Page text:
5. The current issue of AASA’s School Administrator magazine focuses on P-12 laptop initiatives, particularly issues related to learning, teaching, affordability, and planning. Districts profiled include Mooresville (NC), Pascack Valley (NJ), and a host of others, including Van Meter (IA), Owensboro (KY), and Piedmont City (AL).
  6. Other things that I found yesterday included a great story on students with autism spectrum disorder using Google SketchUp, information about teaching digital literacy through game design, the Oakridge Elementary (VA) blog featuring book reviews written by elementary students, and news about the plan by MIT and Lego to bring robotics and coding to young children.

And, of course, we here at CASTLE were busy too. We launched our new online School Technology Leadership graduate certificate, Master’s, and Ph.D. programs. We also gave our 1-to-1 Schools blog a visual makeover and opened registration for the 3rd annual Iowa 1:1 Institute, an event that focuses on high-quality learning and teaching in P-12 laptop programs. Last year we had over 1,300 participants for the Institute. Maybe this year you’ll join us on April 11!

If you were on Twitter

TrappedDear educator, if you were on Twitter yesterday, you might have found:

  1. this awesome reflection about working with a teacher on technology integration; or
  2. these resources about ‘learning styles’ and whether they’re a myth; or
  3. this list of ideas about how to rethink awards ceremonies; or
  4. this list of 100 free apps to check out for that new iPad you just bought; or
  5. this update about the thousands of new online resources that PBS will provide you starting this fall; or
  6. these fabulous summer reads from The Atlantic; or
  7. these tips for using students’ interests in online video to make ‘book trailers’; or
  8. this story on how student gardens change attitudes and teach nutrition; or
  9. these suggestions for integrating iPads into your teaching; or
  10. this post about self-evident assessment; or
  11. these resources for reworking your acceptable use policies; or
  12. this list of useful web sites for creating outlines; or
  13. these award-winning chemistry videos; or
  14. these instructions on how to make self-grading quizzes; or
  15. this video about students developing their own learning paths; or
  16. these great ideas for doing Webquests in your classroom; or
  17. these tips for effective team teaching; or
  18. these 10 simple cooking tips that you wish someone had told you earlier; or
  19. this story about how teachers are accommodating students’ mobile phones for learning; or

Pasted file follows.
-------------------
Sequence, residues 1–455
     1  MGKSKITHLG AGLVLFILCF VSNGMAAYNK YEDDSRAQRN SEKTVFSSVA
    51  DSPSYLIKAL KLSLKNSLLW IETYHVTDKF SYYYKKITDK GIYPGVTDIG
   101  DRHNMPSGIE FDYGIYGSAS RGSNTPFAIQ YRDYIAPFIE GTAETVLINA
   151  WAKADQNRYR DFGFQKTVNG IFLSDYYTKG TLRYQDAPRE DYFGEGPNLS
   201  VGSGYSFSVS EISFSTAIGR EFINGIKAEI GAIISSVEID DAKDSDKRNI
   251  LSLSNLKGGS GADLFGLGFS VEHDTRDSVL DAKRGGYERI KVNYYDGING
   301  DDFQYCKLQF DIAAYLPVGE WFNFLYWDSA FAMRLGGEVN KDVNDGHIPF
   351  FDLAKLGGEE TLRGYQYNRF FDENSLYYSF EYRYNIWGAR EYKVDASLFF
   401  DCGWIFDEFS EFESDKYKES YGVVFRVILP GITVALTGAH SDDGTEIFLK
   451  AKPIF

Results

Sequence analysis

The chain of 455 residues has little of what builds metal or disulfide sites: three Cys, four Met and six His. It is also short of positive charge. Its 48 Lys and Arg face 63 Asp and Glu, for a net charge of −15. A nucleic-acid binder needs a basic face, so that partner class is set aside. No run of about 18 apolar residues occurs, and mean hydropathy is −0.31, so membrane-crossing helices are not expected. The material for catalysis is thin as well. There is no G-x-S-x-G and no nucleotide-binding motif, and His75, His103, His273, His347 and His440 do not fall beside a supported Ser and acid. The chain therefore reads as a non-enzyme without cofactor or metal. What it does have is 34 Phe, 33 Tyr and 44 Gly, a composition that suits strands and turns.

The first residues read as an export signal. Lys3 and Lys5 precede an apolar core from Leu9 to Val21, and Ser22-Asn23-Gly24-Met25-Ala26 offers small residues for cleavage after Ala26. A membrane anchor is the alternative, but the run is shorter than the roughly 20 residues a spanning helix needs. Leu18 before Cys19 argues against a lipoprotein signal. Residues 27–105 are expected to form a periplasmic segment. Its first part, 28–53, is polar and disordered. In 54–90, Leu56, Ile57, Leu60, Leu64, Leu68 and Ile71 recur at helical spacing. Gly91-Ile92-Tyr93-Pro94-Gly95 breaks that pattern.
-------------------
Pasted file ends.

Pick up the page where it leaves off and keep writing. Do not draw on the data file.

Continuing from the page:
20. these incredible photos from the space shuttle Endeavor’s final mission.

But you weren’t on Twitter yesterday, so it’s likely that you saw none of this. And, yes, you probably also would have seen someone posting a picture of some strawberries or talking about how they just went to their kid’s Little League game. Or some friendly banter between friends. Or even someone chatting about walking their dog or the great sandwich that they just ate. Good grief, who posts that stuff? Don’t they have anything better to do with their lives?

Instead of being on Twitter yesterday, perhaps you were talking with your neighbors over the back fence. That’s a real relationship, isn’t it? Not like those so-called online ‘friendships’ where people ‘like’ each other. That back fence relationship is great, isn’t it? Almost every day you share little tidbits with each other. Much of it is banal or just friendly chatter, but much of it also is useful: where’s the best place to get this, how can I find that, do you have any suggestions for how best to accomplish this other thing, by the way I saw this thing today that might interest you, and so on. At some point you also realized that those small day-to-day interactions over the back fence about each others’ strawberries and Little League games and dog walks and sandwiches have somehow added up to something more enduring: lasting friendships and a positive interdependency that you never would have anticipated at the beginning.

Because you’re not on Twitter, what you don’t realize is that Twitter is the back fence you share with your neighbors. Except your neighbors are people all over the world who share your interests and passions and can help you accomplish your personal and professional goals. Every day you have a chance to learn from these online neighbors. Every day you have a chance to receive resources that you otherwise never would have found. Every day you have a chance to intersect with people who care about what you care about and are willing to help you be more productive and save time. And much of it is banal or just friendly chatter, but much of it also is useful.

What’s that? You don’t want to be part of a community that shares your interests? You don’t have time to learn? You’d rather not receive helpful resources? Oh, okay. Good for you, I guess.

Why, again, dear educator, aren’t you on Twitter?

Image credit: Twitter